Sandstone Sculptures

Touch. So very few games make me feel like I touch the world let alone have the world respond. In many ways this the secret of Minecraft: a world composed of blocks, each and every one tactile and responsive, and the closest I ever feel like being able to reach down in a videogame and run my hand through the grass.

Tiny & Big lets me run my hand over stone. And with the laser, rope and rocket I can cut, carve and manoeuvre it with freedom rarely afforded these days.

Freedom in puzzle games is often a myth. Portal 2 in particular lost much of the magic of Portal 1: True Perfection by creating chamber and navigation puzzles that only ever had one solution. There was no delta allowed between your attemps and the designer’s desired intent. While the world of Aperture Science brimmed with character playing Portal 2 is devoid of expression.

Tiny & Big is different. The puzzles require cutting out solutions from blocks and pillars of stone in order to traverse heights and cross gaps among other things. The laser cutting tool freely rotates around an axis and I could carve segments out of the rock to my own design. Sure, sometimes my solutions were not elegant but I was allowed to try and succeed by my own design.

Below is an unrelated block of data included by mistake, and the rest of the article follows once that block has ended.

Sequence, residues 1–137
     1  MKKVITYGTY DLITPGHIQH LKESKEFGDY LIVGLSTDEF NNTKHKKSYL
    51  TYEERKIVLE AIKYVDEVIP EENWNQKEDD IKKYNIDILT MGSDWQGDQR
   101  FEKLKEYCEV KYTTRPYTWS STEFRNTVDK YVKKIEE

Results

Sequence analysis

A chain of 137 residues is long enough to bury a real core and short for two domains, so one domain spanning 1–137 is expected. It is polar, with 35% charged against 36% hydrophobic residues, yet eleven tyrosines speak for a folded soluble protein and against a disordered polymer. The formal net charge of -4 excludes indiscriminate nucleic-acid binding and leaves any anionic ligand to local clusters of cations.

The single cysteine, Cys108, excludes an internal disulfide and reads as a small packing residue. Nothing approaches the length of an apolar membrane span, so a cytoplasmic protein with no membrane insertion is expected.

I was allowed to be expressive. The minimal, desert world of Tiny & Big is surprisingly expressive too.

One great moment is when faced with a seemingly endless series of pillars obstructing my path I cut them all down only to have the camera zoom out and rotate to reveal the following:


I love jokes that undersell the setup in order to land a great punchline.

The whole game feels fresh. There’s the equivalent of fetch and escort missions with stone underwear in black lit neon tombs that shouldn’t be fresh – they should be annoying – but the world is so effortlessly cool and consistent it all works. I was convinced Tiny and Big had to be characters from a comic or show because for a relatively short game with relatively little dialogue it builds such a coherent and quirky little world.

The only bad word I have to say is the final boss fight is *brutal* and took many failed attempts, two rage quit, one YouTube walkthrough and much gritting of teeth to complete.

Though despite this brief, disappointing ending nearly chipping my teeth like the carved dentistry from earlier, my smile remains intact.

(The killer soundtrack also keeps the smile on my face, especially ‘Sport Acapulco’ by Man And Birdmen.)